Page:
"People are always angry at anyone who chooses very individual standards for his life; because of the extraordinary treatment which that man grants to himself, they feel degraded, like ordinary beings."
    - Nietzsche


  13. #13

    Re: The age of abundance

    Quote Originally Posted by O.G. View Post
    Okay..........I doubt this will help. Just a second perspective. You're post proves you have bought into the age/race/sex warfare. You just typed it all out here.

    So should you buy a home. Have some investments and so forth. Are you planning on doing something other than "cling" to your resources? You just going to give it away for the good of the world or something? You won't be needing a place to live till you die? Or money to care for yourself? Please expand on how you are going to do something better.

    When I bought my grandmothers house. In the 1980's. I paid more than 10X what she paid for it. Yet I didn't complain or whine. I just paid. I'll also mention that mortgage rates were over12%. That's right 12%.

    The I'll never see a dime of social security has been said since forever. You don't know for a fact you will get stiffed. You just prefer to use something that has not happened, to pile on to a past generation.

    What a victim mentality. Good luck with that outlook on life.
    I respect you O.G., and I prefaced my comment as much as I could. I do own a paid off home on land, so check. I'm not a victim of anything, never claimed to be. Disprove what I said. That's all I ask when I get into these spats, prove me wrong.

    Explain how we went from the Greatest generation - practically no national debt - to $150 trillion+ in unfunded liabilities in 60 years?

    How did the Dow Jones go from 1,000 to 30,000??

    Where did most Boomers make their retirement money?

    How many H1B visa holders did you compete with for a job at 22?

    And my plan is to leave my 2 children adjacent 5 acre lots with a paid off home on each of them when they graduate college. I don't care if I have 3 homes and an RV when I'm 75.

    Perhaps every generation has said they will get stiffed, but the people who RUN THE SOCIAL SECURITY ADMINISTRATION have said it will be depleted by 2035. That happens to be when I'll be 61...... I wonder why I think I might get stiffed. https://www.aarp.org/retirement/soci...be-around.html.

    Your 10X house, read this https://www.cnbc.com/2017/06/23/how-...ince-1940.html.
    Last edited by 2_Time_Loser; September 9, 2022 at 6:02 AM.

  14. #14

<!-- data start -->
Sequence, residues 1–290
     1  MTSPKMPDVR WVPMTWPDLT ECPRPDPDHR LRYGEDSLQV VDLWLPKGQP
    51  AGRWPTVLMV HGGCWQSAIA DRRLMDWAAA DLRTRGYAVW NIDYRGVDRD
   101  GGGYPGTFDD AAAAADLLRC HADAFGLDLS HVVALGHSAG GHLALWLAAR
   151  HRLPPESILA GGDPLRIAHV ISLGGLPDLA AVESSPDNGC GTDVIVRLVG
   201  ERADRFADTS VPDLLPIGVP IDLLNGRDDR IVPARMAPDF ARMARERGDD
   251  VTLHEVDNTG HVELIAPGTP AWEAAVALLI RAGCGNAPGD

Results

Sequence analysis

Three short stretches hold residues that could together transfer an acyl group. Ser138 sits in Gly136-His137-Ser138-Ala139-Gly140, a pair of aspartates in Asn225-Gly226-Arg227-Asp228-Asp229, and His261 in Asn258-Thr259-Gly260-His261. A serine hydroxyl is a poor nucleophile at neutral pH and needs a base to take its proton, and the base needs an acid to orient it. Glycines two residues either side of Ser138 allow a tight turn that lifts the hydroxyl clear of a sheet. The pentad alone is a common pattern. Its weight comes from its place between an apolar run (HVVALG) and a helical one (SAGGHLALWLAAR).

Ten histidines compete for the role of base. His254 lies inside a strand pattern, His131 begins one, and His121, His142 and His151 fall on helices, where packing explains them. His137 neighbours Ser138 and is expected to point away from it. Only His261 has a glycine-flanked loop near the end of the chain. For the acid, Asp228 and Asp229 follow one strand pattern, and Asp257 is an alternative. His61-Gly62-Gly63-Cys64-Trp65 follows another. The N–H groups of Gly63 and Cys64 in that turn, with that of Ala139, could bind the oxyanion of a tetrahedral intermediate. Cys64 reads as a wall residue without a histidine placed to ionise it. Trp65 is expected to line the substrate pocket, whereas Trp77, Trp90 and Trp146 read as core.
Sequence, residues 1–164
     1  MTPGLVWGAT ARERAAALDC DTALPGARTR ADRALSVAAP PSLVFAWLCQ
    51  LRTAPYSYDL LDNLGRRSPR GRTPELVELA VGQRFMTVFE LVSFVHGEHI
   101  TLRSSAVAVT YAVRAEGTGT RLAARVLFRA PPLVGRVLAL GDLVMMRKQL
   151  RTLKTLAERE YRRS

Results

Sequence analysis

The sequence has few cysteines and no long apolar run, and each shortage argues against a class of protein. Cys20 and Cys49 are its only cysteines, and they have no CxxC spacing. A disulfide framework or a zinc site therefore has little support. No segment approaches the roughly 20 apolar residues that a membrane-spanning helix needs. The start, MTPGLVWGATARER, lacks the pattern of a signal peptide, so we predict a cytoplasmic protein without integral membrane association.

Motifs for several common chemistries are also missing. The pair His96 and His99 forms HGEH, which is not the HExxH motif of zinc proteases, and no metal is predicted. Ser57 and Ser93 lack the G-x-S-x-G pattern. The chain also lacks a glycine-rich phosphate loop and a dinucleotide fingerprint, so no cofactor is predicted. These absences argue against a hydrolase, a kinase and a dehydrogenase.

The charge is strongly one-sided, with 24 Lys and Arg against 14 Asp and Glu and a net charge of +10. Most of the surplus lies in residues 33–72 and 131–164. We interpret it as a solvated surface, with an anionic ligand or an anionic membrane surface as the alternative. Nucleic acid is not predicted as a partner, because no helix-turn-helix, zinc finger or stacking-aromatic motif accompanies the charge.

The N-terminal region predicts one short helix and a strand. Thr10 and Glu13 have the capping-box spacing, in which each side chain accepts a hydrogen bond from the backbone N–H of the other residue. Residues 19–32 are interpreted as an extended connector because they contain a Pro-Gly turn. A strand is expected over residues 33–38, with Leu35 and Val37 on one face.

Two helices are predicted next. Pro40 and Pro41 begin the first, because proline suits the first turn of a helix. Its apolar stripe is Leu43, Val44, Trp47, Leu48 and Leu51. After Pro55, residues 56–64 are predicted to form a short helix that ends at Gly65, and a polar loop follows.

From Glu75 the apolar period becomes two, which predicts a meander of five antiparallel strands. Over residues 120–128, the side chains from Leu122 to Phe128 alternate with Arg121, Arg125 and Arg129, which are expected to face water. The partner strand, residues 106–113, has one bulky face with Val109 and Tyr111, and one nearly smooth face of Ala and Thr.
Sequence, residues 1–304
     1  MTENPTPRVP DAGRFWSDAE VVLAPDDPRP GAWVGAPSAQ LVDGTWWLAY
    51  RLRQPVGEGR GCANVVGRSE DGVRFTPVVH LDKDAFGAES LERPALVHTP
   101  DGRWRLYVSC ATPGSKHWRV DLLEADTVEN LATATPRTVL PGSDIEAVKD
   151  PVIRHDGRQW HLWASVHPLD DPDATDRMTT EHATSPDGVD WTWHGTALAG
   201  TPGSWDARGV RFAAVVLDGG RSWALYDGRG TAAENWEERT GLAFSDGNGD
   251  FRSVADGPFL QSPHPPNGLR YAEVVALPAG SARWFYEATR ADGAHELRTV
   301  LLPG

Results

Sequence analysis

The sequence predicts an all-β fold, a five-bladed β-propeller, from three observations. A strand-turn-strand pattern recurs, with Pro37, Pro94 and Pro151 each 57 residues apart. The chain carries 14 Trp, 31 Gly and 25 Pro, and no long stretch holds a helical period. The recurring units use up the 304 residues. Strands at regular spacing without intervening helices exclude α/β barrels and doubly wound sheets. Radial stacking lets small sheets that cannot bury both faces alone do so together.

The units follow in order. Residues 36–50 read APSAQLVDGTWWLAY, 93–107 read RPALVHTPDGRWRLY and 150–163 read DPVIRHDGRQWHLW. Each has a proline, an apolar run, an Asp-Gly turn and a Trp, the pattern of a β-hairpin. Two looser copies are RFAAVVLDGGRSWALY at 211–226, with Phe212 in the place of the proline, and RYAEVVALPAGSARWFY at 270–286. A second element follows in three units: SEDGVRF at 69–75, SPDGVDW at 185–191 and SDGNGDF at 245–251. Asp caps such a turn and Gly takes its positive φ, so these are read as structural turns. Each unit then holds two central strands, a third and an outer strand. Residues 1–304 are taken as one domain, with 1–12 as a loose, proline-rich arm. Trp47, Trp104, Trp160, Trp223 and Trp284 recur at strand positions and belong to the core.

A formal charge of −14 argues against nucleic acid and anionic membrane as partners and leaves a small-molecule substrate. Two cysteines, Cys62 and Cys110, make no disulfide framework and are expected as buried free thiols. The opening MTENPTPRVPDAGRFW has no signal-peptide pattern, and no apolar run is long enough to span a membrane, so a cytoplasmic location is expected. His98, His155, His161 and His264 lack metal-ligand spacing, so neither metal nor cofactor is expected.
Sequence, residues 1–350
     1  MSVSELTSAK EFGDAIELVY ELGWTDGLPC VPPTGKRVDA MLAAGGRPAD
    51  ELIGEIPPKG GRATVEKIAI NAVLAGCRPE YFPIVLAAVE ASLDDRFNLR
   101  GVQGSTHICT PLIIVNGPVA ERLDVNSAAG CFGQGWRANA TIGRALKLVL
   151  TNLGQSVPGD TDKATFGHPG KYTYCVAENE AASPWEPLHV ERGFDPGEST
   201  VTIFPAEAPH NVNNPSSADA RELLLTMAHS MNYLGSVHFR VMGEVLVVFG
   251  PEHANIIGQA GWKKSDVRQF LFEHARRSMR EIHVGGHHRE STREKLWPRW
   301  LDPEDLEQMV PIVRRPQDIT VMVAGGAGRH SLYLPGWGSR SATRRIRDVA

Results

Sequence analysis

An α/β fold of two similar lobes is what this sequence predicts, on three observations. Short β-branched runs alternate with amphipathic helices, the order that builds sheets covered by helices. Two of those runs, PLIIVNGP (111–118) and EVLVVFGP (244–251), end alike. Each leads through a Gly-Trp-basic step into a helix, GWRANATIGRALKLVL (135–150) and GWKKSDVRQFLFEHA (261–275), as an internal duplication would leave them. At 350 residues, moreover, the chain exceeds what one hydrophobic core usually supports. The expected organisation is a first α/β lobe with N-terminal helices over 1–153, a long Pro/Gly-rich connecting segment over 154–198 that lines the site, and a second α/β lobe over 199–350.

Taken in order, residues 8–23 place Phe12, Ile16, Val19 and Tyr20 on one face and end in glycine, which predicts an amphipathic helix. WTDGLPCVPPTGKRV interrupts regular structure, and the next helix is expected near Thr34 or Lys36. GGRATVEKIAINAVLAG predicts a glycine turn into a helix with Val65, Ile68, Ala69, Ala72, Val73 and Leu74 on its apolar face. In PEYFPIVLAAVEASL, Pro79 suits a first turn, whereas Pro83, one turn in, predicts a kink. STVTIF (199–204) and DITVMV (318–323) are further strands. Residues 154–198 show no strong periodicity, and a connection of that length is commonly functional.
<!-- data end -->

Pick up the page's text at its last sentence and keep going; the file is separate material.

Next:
Senior Member O.G.'s Avatar
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    Re: The age of abundance

    Quote Originally Posted by 2_Time_Loser View Post
    I respect you O.G., and I prefaced my comment as much as I could. I do own a paid off home on land, so check. I'm not a victim of anything, never claimed to be. Disprove what I said. That's all I ask when I get into these spats, prove me wrong.

    I respect you as well. It's not about that. Like I said. I paid over 10x what my relative paid. So skeet/skeet. The difference is how todays folks whine about it. Along with a way higher mortgage rate. Yet you did not address that point. That's 1 point proven wrong.

    Are you planning of divesting yourself of your property and money soon? Heck you're 43. Time must be coming to give it away no? You're not planning on using them till you die like us self righteous boomers are you? You didn't speak to what you intended to do better and different. I'll say you don't plan on giving it away. That's a 2nd wrong point proven.

    My generation did not get to pick what corporate life was like. Or what jobs we were going to send overseas. Most of us regular Joe's were working those jobs. You think we did it to ourselves.

    People who spread stuff like you did in the first post just don't think it through. My generation. Just like your generation. Did not set out to fuck over those behind us. BOTH our generations got fucked. By the politicians and corporations that's who.

    You get up. Do your work. Then vote on voting day for who you think is best. Then you get royally fucked by the very people you elected. That's how it worked for us. It's how it will work for you. Your beef isn't with some Joe Boomer like me. It's with a dishonest and corrupt government and corporate leaders. Yet you point the finger at Boomers.